A Certain Magical Index, Vol. 11

By Kazumi Kamachi and Kiyotaka Haimura. Released in Japan as “To Aru Majutsu no Index” by ASCII Mediaworks. Released in North America by Yen On. Translated by Andrew Prowse.

The Index series is very fond of building on previous volumes and showing us that nothing takes place in a vacuum – there are no “stand alone” novels, everything impacts something else. And so this volume ends up being something of a direct sequel to the 7th volume, as Touma and Index win a trip to Italy (that was clearly rigged, though that’s not made explicit) and barely manage to arrive in a small city near Venice before they are once again embroiled in the Roman Orthodox’s attempts to regain power whatever the cost. This also follows up on events from Vols. 9 and 10 = Lidvia failed, and so the church is even more desperate, and looking for scapegoats. And what better scapegoats than the group of nuns who failed in the 7th book, led by Agnes Sanctis, who it turns out is far too similar to Touma and Orsola for her own good. For a book that goes to Italy and back in under 24 hours, there’s a lot going on here.

Introduced in this volume: Biagio Busoni, Itsuwa, Pope Matthai Reese, Vento of the Front. The latter two are not explicitly named. Busoni is the villain of the volume, but like Lidvia he ends up being another in a series of failures. Itsuwa is the most important introduction here, but you wouldn’t guess it from her small and pointless appearance in this volume, where she spends the entire time handing Touma hot towels and harboring an obvious crush on him, which the other Amakusa Catholics encourage and get frustrated by. (So she clearly saw Touma in action in Book 7, even if she wasn’t named – the anime adding her makes total sense.) The Pope and Vento appear in the final cliffhanger scene, and make it clear that the Church is not going away. Timeline-wise, it’s the end of September, and the festival has mostly ended but school hasn’t started up yet, which is why Touma and Index can go to Italy. In the Railgun timeline, we’re starting the Dream Ranker arc, though honestly at this point it gets harder to mesh timelines – Railgun hasn’t hit books after this one yet.

As you might be able to tell by the cover, Index gets significant time in this book, even though Agnes is the heroine that Touma is saving this time around, and arguably Orsola gets more to do. I have a bit of a reputation as an Index apologist, but even her detractors would have to admit that she’s at her best in this book, showing off her knowledge of Europe and ability to speak multiple languages, saving Touma and Orsola from a sniper attack, and continuing to use magic despite characters literally saying she can’t use magic mere pages later. (I understand what they’re trying to say – Index herself has no magic ability, she’s just using the books within her. But it’s semantics at this point, given she’s speaking spells that alter the trajectory of bullets and the like.) Actually, the one big flaw in this book is Touma, who spends most of it being far grumpier and angrier than he has any right to be – Index does bite him a couple of times, but the prose makes it very clear that he was asking for it heavily.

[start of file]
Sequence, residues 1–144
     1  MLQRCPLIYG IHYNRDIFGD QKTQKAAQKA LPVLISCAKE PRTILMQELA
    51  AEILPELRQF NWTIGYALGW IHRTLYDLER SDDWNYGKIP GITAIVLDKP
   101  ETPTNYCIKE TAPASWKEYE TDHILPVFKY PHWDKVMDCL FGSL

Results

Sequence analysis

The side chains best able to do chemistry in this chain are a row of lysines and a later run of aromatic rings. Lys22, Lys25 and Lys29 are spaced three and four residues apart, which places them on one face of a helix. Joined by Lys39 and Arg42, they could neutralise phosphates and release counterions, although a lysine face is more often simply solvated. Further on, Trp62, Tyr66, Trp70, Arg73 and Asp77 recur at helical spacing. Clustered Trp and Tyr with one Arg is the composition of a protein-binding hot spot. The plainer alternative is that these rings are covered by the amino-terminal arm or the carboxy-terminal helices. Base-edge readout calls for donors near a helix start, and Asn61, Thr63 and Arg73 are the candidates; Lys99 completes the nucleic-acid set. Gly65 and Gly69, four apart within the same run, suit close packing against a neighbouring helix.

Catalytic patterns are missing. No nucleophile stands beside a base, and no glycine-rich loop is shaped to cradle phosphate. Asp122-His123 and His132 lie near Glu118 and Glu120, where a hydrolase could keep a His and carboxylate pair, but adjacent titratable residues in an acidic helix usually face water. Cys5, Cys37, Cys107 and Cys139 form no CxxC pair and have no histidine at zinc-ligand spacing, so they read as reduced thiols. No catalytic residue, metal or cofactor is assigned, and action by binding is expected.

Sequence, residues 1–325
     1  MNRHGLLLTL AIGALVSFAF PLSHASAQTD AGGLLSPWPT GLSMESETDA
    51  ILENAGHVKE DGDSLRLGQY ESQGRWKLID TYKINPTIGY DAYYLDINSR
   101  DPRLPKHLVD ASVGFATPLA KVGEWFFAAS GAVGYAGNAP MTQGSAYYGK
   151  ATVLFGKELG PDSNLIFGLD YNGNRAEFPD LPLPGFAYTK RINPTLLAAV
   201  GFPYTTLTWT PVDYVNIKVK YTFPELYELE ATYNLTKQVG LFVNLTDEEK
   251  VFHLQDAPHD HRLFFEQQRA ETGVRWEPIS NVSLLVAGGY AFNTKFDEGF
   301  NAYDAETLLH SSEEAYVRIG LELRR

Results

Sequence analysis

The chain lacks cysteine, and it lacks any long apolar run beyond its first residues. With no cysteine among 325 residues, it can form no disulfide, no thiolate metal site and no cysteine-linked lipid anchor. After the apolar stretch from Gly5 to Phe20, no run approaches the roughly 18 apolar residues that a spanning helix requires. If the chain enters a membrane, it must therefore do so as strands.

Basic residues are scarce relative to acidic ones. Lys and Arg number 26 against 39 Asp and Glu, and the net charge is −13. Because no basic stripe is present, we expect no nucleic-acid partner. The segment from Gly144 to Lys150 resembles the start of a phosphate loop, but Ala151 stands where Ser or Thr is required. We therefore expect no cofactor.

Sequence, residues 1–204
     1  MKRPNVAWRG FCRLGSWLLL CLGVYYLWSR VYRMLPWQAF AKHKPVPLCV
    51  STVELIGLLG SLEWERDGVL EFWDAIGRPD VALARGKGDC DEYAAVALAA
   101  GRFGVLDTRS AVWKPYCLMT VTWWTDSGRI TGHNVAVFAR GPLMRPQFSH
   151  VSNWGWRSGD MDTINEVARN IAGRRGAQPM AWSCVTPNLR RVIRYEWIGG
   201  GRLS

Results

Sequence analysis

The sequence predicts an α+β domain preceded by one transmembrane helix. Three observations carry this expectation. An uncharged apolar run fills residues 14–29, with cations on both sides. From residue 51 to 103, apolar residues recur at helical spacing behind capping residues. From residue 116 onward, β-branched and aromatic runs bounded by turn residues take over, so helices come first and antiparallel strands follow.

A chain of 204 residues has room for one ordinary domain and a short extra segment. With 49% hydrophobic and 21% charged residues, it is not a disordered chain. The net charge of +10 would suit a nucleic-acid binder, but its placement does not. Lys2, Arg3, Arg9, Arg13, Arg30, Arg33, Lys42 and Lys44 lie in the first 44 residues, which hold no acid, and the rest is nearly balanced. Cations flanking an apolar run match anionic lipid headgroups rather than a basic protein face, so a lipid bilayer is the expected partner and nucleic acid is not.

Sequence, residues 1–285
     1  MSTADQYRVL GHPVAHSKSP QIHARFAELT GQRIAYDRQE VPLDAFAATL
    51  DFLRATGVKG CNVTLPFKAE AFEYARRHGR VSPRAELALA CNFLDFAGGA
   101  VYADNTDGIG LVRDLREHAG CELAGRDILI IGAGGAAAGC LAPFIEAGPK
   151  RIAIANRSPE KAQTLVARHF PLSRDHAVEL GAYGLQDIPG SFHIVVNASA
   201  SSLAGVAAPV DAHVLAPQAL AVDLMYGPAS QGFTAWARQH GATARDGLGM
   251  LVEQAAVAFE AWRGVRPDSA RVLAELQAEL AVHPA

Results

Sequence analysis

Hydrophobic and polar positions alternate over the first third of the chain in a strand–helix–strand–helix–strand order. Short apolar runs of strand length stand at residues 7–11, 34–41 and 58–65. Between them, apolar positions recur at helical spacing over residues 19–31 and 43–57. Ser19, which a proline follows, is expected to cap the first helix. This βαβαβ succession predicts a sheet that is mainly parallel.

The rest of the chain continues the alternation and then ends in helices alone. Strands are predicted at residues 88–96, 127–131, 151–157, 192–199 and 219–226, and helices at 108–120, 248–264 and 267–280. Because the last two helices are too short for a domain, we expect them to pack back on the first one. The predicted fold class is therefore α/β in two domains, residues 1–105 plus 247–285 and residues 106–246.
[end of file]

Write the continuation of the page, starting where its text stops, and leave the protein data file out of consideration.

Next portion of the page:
And once again we have the Roman Orthodox Church as villains, though Orsola exists to show off the goodness that can still exist within them. Of course, she’s off to join the English Puritans, and from a strictly religious standpoint, this could be disquieting – but this is a fantasy where magic is thrown around like candy, so there’s no need to examine it too hard. As always, the book goes out of the way to avoid using the word “Catholic” in regards to this church, even though we have the Russian Catholic Church mentioned. Indeed, for a book with as much religion as this one has, Jesus Christ is never named explicitly – which could be a simple translation choice, but also makes sense, given that these Roman Catholics seems to place far more faith in powerful tools, such as the Cross that Jesus died on (Crossist is used a lot) than Jesus’ teachings, which only Orsola seems to take to heart. Again, Index is fascinating in many ways, but devout Catholics may want to skip it.

This volume ends with a cliffhanger, but I’m not sure that we’ll see it resolved in the next book, as Touma’s punishment game should take center stage. Also, isn’t it about time we see Accelerator again? In any event, this is a very good volume that will please casual light novels readers.

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